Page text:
The first of the class, 73000, was outshopped from Derby in April 1951 and 30 were in service by January 1952. There was then a gap in construction before Derby resumed building its remaining 100 engines. 42 were built at Doncaster, starting in August 1955 and finishing in May 1957, with Derby's last engine following a month later.

Thirty engines, numbers 73125 to 73154, were built with Caprotti valve gear and poppet valves. One of these engines (73129) survives today at Butterley. It and 71000 Duke of Gloucester are the only engines with Caprotti gear left in Britain.

In service[edit]

In 1959, 20 of the Southern Region locomotives were named, the names being transferred from SR King Arthur class locos that were then being withdrawn. These were:

73002 passing through Water Orton, 1964.

73020 is known to have been used on Southern Region, photographed departing Southampton Terminus on 18 September 1965.[3]

73022 has also been photographed in service on the Southern Region, pulling a boat train across Canute Road in Southampton on 29 September 1966.[3] This engine also starred in the BTC film Wash and Brush Up, showing the routine boiler washout and cleaning of the smokebox and ash screens every 12–16 days while in service. On completion of this, 73020 hauled the 12.10pm goods to Camden.

73114 Etarre has been photographed in service on 20 March 1966, pulling a boat train through Fareham while diverted due to electrification work on the Southern Region mainline from Southampton to London Waterloo.[3]

73116 'Iseult' is seen, at the head of a Southampton boat train, in 'Terminus', the 1961 British Transport Film documentary directed by John Schlesinger which presents a "fly-on-the-wall" look at a day at Waterloo Station in London.

Table of withdrawals
Year Quantity in
service at
start of year
Quantity
withdrawn
Locomotive numbers Notes
1964 172 15 73012/17/24/27/46–47/52/58/61/74/76,
73109/16/61/64.
1965 157 43 73001/03/08/15/21/23/30–32/36/38/41–42/44/49/51/54/56/62–63/68/75/77/84/90–91,
73103–04/06/11–12/22–24/47–48/52/62–63/65–68.
1966 114 38 73005/07/09/13/16/28/55/57/72/78/80–83/86–89/95/98–99,
73101–02/05/07–08/14/20–21/45/49–51/53–54/69–71.
1967 76 53 73002/04/06/11/14/18–20/22/25–26/29/37/39/43/45/48/59–60/64–66/70–71/73/79/85/92–94/96–97,
73100/10/13/15/17–19/27/29–30/37/39–41/44/46/55–56/58–60.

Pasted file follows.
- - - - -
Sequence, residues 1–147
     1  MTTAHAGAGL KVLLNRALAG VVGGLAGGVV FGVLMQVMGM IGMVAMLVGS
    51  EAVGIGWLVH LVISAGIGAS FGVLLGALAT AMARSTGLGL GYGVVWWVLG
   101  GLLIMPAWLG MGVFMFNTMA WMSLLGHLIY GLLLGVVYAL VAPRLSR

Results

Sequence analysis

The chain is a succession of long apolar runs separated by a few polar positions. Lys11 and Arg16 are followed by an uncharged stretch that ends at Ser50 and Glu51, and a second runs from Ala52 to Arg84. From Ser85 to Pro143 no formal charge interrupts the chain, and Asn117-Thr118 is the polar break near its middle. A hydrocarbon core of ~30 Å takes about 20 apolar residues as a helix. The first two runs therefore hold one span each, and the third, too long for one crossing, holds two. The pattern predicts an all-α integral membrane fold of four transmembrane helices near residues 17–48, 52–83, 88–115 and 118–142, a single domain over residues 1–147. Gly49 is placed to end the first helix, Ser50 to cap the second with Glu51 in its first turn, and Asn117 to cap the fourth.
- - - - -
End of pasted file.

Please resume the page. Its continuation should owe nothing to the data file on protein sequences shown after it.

1968 23 23 73000/10/33–35/40/50/53/67/69,
73125–26/28/31–36/38/42–43/57.

Accidents and incidents[edit]

Main article: Eastbourne rail crash
  • On 25 August 1958, locomotive No. 73042 was hauling a sleeper car train which overran a signal and was in a head-on collision with a train formed from two electric multiple units at Eastbourne, East Sussex. Five people were killed and 40 were injured.
  • In 1958, locomotive No. 73111 was hauling a passenger train that derailed at Millbrook, Hampshire due to a faulty point motor moving a set of points under the train.[4]

Preservation[edit]

Only five members of the class have survived into preservation and of the five only 73096 has operated on the mainline. 73096 is currently undergoing an overhaul at Southall and is being done to mainline standard.

Number & Name Tender Attached Built Withdrawn Service life Location Livery Status Image
73050 "City of Peterborough" BR1G April 1954 June 1968 14 years, 2 months Nene Valley Railway BR Lined Black, Early Emblem Stored, Boiler ticket expired in 2015, awaiting overhaul. BR Standard Class 5 73050.JPG
73082 "Camelot" BR1B June 1955 June 1966 11 years Bluebell Railway BR Lined Black, Early Emblem Operational, Boiler ticket expires in 2025. 73082 Camelot on shed.jpg
73096 BR1G Nov 1955 Nov 1967 12 years Southall Railway Centre BR Green, late Emblem Under Overhaul, Boiler ticket expired September 2011, being overhauled to mainline standard. Formerly based at the Watercress Line. Coming on duty at Alresford - geograph.org.uk - 1289301.jpg
73129 BR1B Aug 1956 Dec 1967 11 years, 4 months Midland Railway - Butterley BR Lined Black, Early Emblem Static Display, Boiler ticket expired in 2016. One of only two engines left in Britain with Caprotti valve gear. Bewdley - 73129.JPG
73156 N/A Dec 1956 Nov 1967 10 years, 11 months Great Central Railway N/A Under Restoration, Undergoing restoration from scrapyard condition which includes a new tender and motion. GreatCentralRailway73156.JPG

Notes[edit]

  1. ^ Terry Essery, Steam Locomotives compared, Atlantic Transport Publishers, ISBN 0-906899-65-6
  2. ^ Clive Groom(Engineman).DVD ' The story of the Standard, Southern and Western engines. Go Entertainment (2011)
  3. ^ a b c South Coast Railways - Portsmouth to Southampton. Vic Mitchell and Keith Smith. 1986. ISBN 0-906520-31-2
  4. ^ Bishop, Bill (1984). Off the Rails. Southampton: Kingfisher. pp. 76–77. ISBN 0 946184 06 2. 

References[edit]

External links[edit]